Tucked away on a side street in the bustling, strutting heart of Camden Town, Spiritual Caipirinha is a gem of a restaurant- bar, known to few. The tiny venue is intimate and trendy, squeezing in a few tables in front of a bar that boasts a bottle collection and cocktail list worthy of the Brazilian cocktail the place is named after. Our fifteen-seater table for the occasion filled most of the restaurant and proved quite an obstacle once the bar got busy, with chatty Latinos and trendy North Londoners squeezing round us to get through. Continue reading
The famous Catalan Surrealist artist, Joan Miró i Ferrà, 1893-1983, lived through and documented some of the most significant events of the twentieth century.
He was born in Barcelona and, after training as an artist there, he frequently travelled to Paris and became a key figure in the Surrealist movement. Miró remained in France with his young family during the Spanish Civil War and expressed his protests explicitly in the aptly named Aidez l’Espagne and Le Faucheur, 1937. He returned to Spain in 1940 after the Nazi invasion, and experienced a kind of internal exile under Franco, working in secret at home but gaining fame abroad for his post-war artistry. His response to the Second World War is more disguised in the Constellation paintings of 1940-1941, criticising fascist aggression while living under the dictatorship of Hitler and Mussolini’s ally.
For those who haven’t visited Buenos Aires’ famous dance halls nor seen the likes of Vincent Simone or Flavia Cacace strut their staff on the dance floor in Strictly Come Dancing, tango might seem a stompy, stroppy dance characteristic of a military march.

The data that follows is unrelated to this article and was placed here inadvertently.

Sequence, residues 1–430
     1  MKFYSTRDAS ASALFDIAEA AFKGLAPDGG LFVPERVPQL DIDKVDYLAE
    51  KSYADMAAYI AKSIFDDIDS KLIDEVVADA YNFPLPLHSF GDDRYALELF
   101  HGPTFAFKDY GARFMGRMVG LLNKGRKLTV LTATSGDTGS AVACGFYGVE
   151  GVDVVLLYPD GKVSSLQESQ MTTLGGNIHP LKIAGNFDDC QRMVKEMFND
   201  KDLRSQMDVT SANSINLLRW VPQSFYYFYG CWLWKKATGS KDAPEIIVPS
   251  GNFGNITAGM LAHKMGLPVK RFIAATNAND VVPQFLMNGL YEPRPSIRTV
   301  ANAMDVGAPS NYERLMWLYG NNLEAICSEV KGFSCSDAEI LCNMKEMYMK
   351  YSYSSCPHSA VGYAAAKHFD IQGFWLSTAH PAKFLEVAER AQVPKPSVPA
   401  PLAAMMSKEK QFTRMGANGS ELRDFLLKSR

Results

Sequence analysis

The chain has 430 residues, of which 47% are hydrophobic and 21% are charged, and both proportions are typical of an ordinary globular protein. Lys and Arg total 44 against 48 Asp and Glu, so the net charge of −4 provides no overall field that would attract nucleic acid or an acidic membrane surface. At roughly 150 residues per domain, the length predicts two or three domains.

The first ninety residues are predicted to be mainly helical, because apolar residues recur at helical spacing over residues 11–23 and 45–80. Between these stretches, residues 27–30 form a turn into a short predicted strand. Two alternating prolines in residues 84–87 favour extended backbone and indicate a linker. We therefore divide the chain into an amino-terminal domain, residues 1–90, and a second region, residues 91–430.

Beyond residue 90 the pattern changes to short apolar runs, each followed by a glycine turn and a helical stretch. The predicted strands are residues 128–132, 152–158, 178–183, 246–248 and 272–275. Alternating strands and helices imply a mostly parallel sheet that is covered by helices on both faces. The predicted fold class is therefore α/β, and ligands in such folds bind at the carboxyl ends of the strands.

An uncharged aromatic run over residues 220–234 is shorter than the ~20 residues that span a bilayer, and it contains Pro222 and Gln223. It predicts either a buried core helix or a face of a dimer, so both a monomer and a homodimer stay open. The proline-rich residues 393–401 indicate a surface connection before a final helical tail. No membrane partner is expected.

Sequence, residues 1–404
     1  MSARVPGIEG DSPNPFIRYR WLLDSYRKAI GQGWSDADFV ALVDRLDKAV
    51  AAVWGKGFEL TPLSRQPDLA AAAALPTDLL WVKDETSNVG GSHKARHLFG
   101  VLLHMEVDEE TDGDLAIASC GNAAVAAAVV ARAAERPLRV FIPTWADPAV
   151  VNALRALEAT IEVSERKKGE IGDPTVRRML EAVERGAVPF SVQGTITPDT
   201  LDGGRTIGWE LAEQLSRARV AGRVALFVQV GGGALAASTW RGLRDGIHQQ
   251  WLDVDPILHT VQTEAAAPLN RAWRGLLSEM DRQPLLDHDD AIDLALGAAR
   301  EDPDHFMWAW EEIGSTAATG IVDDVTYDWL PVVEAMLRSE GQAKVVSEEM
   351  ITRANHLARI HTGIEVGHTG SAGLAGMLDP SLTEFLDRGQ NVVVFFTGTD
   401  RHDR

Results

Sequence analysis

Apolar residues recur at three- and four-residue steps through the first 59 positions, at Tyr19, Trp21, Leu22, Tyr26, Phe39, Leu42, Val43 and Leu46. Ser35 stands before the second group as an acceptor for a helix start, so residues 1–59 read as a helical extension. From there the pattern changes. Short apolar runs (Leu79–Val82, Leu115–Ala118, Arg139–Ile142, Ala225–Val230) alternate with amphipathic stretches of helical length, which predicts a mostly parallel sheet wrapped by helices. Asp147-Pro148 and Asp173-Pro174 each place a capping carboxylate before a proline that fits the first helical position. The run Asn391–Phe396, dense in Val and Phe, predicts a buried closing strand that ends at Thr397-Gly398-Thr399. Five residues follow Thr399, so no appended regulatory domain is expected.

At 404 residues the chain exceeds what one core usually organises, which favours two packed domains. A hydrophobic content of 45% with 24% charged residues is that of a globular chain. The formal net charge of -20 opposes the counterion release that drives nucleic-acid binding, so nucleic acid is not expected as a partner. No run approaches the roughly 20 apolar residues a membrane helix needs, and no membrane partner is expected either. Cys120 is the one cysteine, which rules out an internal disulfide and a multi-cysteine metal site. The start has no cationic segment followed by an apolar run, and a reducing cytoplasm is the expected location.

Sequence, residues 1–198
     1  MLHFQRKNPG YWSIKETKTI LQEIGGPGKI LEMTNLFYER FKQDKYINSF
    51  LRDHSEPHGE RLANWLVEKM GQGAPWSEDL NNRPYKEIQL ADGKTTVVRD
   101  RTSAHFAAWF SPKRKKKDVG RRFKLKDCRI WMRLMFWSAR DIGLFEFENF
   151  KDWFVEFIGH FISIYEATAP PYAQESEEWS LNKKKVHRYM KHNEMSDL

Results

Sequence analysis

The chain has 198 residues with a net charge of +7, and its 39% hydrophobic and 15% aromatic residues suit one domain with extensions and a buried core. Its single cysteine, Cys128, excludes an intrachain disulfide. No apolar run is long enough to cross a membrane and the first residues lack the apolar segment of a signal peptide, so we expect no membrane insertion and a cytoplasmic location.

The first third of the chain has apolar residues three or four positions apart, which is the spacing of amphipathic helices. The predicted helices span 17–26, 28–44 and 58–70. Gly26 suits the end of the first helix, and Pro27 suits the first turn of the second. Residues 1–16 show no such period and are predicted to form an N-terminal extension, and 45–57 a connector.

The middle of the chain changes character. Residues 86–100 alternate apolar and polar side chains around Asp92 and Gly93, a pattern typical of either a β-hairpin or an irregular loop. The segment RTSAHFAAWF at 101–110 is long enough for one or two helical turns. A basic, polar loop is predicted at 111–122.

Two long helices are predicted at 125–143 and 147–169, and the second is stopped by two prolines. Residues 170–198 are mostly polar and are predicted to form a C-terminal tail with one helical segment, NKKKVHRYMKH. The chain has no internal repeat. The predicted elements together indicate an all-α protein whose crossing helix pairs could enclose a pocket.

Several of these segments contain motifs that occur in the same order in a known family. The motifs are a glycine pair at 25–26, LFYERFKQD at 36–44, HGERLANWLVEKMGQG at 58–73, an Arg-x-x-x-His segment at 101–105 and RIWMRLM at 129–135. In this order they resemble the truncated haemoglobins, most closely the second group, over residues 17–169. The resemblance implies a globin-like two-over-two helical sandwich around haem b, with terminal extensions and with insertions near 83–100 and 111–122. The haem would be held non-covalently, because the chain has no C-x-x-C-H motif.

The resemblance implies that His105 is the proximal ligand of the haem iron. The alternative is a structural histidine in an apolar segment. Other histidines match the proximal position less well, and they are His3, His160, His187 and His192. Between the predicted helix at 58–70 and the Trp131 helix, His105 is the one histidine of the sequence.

But when Tango Fire, hailed as Argentina’s hottest dance company, brings their new show Flames of Desire to London in April, you’re promised a taste of the energy and passion for which the Argentine tango is famous.
Described by the Evening Standard as “each duet a mini drama, sexual electricity at the twitch of a hip”, Flames of Desire will showcase the speediest kicks, hooks (known as ganchos) and flicks in the business. As implied by its name, Flames of Desire will show how far removed the twirling moves of the Argentine tango are from the rigidity of its predecessor. Continue reading
Eric Partaker, 35, seems like one of those people that just takes everything in their stride. Half-American, half-Norwegian, it was during his childhood in Chicago that Partaker became hooked on Mexican cuisine. When he came to work in London in 2004 and met a like-minded colleague in the form of Dan Houghton it was almost like fate. Three years later the duo had travelled round Mexico and the USA, and carried out enough research to leave their desk jobs and set up Mucho Más.
“I suppose it might seem daring but that depends on how you perceive the risk,” reasons Partaker. “Even if it screwed up I knew we’d have something else to do. I just thought gees; it wouldn’t be the end of the world.” Continue reading
It makes you wonder whether Zapatero saw this coming. As Prime Minister it mustn’t be fun when any of your proposals are met with widespread rejection by the public, but when one of Spain’s national heroes, in the form of Formula One driver Fernando Alonso, comes forward to join the dissenting throng, you must know you’ve got something wrong.
In the wake of unrest in the Middle East causing oil prices to soar, Zapatero’s PSOE announced last week that they will lower the speed limit on Spain’s motorways to help save energy. From Monday 7 March the limit on Spanish motorways will no longer stand at 74.5mph, or 120kph, but 68mph, or 110kph. A recent survey by the AA revealed that 59% of UK drivers asked would slow down to save fuel. Amusingly, the AA advised that driving at 80mph uses a quarter more fuel than driving at 70mph, as well as being illegal. Continue reading